Changed May 23, 2012 09:03PM UTC by dmethvin comment:6

jQuery can't hide everything. IE7 has been around quite a while, I've been with the jQuery project since 2006, and I've never heard of anyone ask about this. So it is indeed a rare requirement.

This closed ticket can serve as a note that we're not normalizing this, it's too obscure to add to the documentation.

Changed May 23, 2012 09:10PM UTC by comment:7

I understand the basis for your decision. Thanks for clarifying.

The search function on the ticket system is handy and there aren't that many corner cases mentioned as such. And all seem IE-related.

Thanks for responding and thanks for the excellent work on jQuery!

Changed May 23, 2012 09:12PM UTC by rwaldron comment:8

How do you expect to "normalize" something that doesn't even exist on all machines? jQuery "normalizes" where disparity exists, not where actual, physical constraints exist eg. my F5 doesn't do "refresh", are you saying that jQuery should normalize OSX???

Changed May 23, 2012 09:22PM UTC by comment:9

My example is confusing -- I apologize.

ANY keydown (or keypress, or keyup) event, as far as I understand it, is supposed to have its default processing prevented via a call to


IE7 doesn't seem to do what Microsoft documents, and despite jQuery's correct efforts to "prevent" the event from bubbling (via IE7's proprietary "cancelBubble" and "returnValue"), the keys really do "bubble".

I don't want certain keys to "bubble" up. On IE9, Chrome,and1 Android, jQuery's event.preventDefault() works beautifully.

On IE7, despite correct efforts, it doesn't work.

Again, I chose F5 as that was the keydown I was testing with. The point wasn't to imply that jQuery should normalize the behavior of F5.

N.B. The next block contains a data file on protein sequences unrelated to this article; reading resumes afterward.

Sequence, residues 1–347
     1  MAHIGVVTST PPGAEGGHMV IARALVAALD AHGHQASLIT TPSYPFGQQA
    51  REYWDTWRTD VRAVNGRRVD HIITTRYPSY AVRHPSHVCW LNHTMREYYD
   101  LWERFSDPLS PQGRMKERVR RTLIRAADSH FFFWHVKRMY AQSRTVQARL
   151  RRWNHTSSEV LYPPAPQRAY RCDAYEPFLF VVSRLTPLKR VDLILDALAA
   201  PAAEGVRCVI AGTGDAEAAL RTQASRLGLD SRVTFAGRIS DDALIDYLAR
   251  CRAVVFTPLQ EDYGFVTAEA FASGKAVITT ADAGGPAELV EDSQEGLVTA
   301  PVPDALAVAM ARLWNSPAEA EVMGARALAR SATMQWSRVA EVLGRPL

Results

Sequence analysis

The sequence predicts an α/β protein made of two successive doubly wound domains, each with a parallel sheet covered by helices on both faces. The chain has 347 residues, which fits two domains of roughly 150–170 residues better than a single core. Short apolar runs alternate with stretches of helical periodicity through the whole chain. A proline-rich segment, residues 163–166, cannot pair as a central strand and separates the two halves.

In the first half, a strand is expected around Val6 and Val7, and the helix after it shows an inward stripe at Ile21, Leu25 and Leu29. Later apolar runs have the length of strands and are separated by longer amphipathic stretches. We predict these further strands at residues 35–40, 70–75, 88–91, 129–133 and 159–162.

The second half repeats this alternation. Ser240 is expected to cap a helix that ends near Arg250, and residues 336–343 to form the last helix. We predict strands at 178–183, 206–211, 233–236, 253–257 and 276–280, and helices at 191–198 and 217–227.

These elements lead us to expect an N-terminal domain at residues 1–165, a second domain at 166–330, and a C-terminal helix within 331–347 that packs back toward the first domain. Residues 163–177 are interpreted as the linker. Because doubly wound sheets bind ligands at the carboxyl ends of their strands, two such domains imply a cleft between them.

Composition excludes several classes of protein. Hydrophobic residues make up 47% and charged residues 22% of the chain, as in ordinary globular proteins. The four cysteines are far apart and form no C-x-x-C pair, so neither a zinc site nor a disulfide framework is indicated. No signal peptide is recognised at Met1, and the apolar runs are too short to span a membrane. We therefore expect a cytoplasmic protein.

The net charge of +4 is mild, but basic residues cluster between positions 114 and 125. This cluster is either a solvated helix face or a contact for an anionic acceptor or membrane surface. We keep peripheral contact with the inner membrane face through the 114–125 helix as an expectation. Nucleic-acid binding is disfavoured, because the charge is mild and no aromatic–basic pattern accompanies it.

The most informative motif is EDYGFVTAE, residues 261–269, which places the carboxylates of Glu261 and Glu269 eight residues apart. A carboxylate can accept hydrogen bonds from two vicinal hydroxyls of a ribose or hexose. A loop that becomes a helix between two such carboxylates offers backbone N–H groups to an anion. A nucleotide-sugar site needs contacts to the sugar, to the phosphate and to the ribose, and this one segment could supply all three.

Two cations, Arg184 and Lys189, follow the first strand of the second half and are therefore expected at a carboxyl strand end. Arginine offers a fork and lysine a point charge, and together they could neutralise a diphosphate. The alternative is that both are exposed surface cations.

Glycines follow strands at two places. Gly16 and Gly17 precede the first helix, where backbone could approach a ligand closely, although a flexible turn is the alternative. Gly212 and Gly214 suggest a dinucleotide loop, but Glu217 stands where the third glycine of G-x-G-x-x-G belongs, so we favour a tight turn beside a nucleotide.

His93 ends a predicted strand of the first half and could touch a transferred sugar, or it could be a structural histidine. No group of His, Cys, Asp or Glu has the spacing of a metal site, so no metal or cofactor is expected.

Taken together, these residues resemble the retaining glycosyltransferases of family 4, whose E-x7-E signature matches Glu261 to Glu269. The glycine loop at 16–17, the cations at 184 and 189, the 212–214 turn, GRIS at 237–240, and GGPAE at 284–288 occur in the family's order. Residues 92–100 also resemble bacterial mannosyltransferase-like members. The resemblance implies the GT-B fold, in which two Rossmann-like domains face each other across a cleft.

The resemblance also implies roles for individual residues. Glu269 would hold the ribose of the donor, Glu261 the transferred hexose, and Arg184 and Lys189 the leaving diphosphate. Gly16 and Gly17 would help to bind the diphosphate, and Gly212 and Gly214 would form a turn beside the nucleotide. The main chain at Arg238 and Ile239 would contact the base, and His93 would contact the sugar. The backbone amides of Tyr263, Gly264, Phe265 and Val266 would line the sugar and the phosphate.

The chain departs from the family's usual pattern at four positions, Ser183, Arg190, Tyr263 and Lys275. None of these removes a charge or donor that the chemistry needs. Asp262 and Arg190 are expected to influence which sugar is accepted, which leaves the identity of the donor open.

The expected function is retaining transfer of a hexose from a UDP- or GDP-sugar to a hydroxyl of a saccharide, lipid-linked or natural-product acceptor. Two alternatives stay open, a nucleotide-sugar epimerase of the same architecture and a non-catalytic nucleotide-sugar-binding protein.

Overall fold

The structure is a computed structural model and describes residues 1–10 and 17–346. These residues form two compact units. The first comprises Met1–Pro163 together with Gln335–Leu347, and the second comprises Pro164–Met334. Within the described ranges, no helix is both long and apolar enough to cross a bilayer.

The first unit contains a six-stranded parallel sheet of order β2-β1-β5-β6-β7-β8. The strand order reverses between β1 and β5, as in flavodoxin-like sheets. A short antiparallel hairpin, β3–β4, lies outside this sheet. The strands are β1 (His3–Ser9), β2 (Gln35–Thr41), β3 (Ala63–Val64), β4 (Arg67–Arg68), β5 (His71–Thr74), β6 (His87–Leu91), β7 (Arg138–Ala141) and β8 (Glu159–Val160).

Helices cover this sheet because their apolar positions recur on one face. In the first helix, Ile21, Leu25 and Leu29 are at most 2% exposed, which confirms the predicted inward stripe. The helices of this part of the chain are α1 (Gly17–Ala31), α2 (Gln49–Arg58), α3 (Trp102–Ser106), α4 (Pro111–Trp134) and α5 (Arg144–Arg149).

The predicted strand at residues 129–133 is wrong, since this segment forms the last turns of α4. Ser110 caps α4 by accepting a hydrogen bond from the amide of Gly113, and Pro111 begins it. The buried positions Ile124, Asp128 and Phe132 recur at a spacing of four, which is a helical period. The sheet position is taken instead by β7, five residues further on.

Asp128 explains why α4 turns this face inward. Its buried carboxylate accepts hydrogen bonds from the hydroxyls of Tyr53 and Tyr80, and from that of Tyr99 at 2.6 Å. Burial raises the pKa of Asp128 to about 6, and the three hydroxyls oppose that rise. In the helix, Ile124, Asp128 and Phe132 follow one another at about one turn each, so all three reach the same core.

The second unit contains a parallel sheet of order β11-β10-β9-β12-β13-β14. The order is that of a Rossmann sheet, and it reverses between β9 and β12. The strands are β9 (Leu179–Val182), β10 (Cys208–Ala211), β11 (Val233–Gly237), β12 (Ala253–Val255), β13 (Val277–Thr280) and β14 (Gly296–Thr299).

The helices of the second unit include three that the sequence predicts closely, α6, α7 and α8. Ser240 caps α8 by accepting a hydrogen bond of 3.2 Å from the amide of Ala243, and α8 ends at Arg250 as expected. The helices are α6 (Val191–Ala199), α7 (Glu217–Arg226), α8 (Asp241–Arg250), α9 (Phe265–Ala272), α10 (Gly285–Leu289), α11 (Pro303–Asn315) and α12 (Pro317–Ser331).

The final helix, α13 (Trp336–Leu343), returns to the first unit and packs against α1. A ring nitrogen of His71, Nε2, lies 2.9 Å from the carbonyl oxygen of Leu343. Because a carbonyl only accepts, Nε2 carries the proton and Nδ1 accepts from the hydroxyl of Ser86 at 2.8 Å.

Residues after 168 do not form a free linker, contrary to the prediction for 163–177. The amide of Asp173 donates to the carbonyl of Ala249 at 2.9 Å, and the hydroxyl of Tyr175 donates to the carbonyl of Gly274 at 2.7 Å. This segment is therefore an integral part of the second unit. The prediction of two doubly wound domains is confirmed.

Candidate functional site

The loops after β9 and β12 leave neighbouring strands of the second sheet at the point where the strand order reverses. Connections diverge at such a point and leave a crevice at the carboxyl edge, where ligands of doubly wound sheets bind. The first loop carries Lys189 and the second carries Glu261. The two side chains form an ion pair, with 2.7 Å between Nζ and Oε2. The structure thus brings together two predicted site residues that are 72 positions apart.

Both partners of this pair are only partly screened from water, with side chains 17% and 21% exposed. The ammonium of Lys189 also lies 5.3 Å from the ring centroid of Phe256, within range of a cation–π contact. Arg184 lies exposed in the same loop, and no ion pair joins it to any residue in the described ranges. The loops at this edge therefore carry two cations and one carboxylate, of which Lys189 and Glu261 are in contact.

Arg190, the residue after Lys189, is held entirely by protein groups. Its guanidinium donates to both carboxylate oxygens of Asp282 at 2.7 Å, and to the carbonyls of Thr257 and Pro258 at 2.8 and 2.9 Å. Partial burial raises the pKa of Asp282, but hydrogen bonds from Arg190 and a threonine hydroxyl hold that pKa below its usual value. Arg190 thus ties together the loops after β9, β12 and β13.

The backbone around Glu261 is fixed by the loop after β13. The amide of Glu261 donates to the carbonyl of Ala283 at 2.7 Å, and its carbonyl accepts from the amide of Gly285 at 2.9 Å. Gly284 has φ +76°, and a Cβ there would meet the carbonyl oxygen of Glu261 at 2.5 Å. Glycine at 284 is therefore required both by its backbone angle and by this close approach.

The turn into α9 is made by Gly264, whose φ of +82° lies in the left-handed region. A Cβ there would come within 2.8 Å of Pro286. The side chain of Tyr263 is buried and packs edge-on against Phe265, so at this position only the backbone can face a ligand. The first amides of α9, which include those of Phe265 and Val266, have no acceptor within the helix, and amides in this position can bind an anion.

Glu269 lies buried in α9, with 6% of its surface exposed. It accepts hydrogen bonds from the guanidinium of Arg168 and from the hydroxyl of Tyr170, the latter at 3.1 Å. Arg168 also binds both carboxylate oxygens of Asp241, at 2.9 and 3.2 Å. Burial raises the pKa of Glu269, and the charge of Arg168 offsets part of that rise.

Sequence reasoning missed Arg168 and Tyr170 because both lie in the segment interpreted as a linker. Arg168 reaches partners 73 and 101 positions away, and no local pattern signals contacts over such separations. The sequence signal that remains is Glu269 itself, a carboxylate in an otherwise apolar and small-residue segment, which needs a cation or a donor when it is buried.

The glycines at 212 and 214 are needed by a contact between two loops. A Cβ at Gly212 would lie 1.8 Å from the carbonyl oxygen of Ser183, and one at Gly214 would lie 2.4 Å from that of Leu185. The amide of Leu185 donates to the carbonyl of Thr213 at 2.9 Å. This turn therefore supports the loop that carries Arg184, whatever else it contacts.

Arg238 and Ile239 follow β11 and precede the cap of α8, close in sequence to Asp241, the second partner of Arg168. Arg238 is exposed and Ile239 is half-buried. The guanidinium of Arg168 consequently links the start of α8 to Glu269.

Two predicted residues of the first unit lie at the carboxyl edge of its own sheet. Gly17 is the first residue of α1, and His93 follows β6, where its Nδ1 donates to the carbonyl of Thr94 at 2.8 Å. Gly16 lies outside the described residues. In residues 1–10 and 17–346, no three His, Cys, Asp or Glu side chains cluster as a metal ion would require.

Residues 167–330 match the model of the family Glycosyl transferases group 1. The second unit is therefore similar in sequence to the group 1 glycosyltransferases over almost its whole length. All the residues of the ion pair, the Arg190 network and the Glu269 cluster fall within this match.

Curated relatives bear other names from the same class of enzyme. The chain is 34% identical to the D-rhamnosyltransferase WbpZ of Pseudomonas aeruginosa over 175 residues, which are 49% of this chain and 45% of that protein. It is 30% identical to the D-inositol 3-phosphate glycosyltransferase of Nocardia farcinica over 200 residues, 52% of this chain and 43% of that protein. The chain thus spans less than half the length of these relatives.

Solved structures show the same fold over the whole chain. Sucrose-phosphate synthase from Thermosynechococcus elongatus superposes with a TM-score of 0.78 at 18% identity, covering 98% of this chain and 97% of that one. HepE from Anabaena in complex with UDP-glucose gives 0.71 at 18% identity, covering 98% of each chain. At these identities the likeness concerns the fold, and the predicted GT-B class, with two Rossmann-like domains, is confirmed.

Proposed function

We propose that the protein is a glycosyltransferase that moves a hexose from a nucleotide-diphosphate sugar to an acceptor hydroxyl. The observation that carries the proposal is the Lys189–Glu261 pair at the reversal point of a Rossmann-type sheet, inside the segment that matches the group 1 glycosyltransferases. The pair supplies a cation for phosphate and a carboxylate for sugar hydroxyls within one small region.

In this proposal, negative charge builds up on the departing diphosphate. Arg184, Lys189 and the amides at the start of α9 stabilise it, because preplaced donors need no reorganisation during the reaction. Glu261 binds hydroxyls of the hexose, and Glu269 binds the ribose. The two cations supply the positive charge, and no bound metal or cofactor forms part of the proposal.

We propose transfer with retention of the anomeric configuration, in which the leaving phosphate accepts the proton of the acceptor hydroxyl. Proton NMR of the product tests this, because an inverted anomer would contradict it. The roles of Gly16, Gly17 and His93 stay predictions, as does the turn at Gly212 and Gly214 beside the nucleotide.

The point was that jQuery ought to do one more "IE special" so that, on IE7, the function event.preventDefault() works as documented.

To summarize: I was hoping jQuery would make event.preventDefault() work properly on key events on IE7.

I don't own a Mac, but I'm assuming that jQuery's event.preventDefault() already works fine for you -- I was just asking for it to be made to work fine on IE7. But, understandably, jQuery can't be responsible for smoothing over every nook and cranny of older browsers like IE7.

Changed May 23, 2012 09:49PM UTC by rwaldron comment:10

According to the DOM 2 Event spec, there is no specified behaviour that Key Events abide:

It's likely that IE7 is using DOM2 or worse...

So what should we normalize to?

Changed May 23, 2012 10:13PM UTC by comment:11

jQuery has IE-specific code in order to implement the normalized


What is it trying to do in that code? I've been assuming that it is trying to implement the DOM3 standard despite the shaky underpinnings that IE7 provides.

I would have thought that the goal is to make event.preventDefault() work.


If not, why have the function at all?

If the goal is to make it work, then shouldn't the IE7 implementation of event.preventDefault() actually PREVENT the default behavior, by "canceling" the key event? It already has code to do just that! That code ought to work. But, for keys, apparently, it does not work. Based on numerous web postings, the undocumented hack for IE7 is to assign a different value into event.keyCode when the goal is to supress the default action of a given key.